But let us return to the Talpiot Tomb. It may not be the Jesus family tomb, but we judge that the calls for only viewing Joseph as the only legitimate name to be used in any calculation concerning the Talpiot tomb are not solidly based. It negates the obvious family preference concerning the name inscribed on the ossuary. It fails to take into account the rare form of Yoseh in the written record. Moreover, it violates the archaeological and sociological context of this burial by denying the family's perceptions and meanings of life and death.

Jesus would never name his son Judas

Mark Goodacre's most insightful argument against the Talpiot Tomb is

...there is simply no evidence that Jesus had a son called Judas. (As a commenter on this blog once facetiously said, "How likely is it that Jesus would have named his son Judas?!"). This might sound like a simple point, but I am afraid that it needs to be taken seriously. The whole case for the identity of the Talpiot Tomb with Jesus' family is based on the idea of an extraordinary positive correlation between clusters of names. It is unacceptable when calculating probabilities to ignore contradictory evidence like this.19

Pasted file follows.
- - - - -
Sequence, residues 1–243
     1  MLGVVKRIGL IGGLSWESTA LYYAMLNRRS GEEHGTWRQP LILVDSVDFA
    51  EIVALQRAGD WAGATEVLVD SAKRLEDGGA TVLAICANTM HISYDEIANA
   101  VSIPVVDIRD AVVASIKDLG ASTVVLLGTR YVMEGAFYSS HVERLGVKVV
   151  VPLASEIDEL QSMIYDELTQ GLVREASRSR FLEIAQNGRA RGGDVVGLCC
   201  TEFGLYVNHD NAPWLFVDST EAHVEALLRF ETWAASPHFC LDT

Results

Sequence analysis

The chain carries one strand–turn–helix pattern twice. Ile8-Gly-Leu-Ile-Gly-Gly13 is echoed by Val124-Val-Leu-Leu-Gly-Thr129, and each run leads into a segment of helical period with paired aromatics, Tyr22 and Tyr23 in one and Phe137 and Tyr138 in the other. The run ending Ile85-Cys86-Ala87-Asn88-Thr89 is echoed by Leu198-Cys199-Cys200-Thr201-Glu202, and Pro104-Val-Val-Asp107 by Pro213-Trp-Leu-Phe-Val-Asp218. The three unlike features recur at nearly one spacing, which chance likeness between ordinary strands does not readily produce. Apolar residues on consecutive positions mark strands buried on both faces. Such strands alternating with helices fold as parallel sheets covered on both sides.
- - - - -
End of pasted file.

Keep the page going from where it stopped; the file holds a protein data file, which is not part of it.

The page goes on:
We are concerned with the biblical inferences among those scholars who rely on the silence of Christian tradition as evidence that Jesus could never have married. What is troubling about this observation is that Christian tradition is complicated. It is not just what Christian tradition does not proclaim about Jesus that is the bulwark against the son Judas, but it is what Christian tradition does proclaim that every critical biblical scholar knows to be false. The Gospels and Christian tradition are most certainly not literal truth. No matter how critics parse the issue of Jesus' celibacy, the NT is simply silent on this question. Silence could indicate Jesus had no wife, or one died years before his public ministry. We just don't know, and why should we expect Jesus to describe his celibate life? This argument that Jesus' marriage was impossible because it is missing from the Gospels is questionable and not enough to overturn Talpiot.20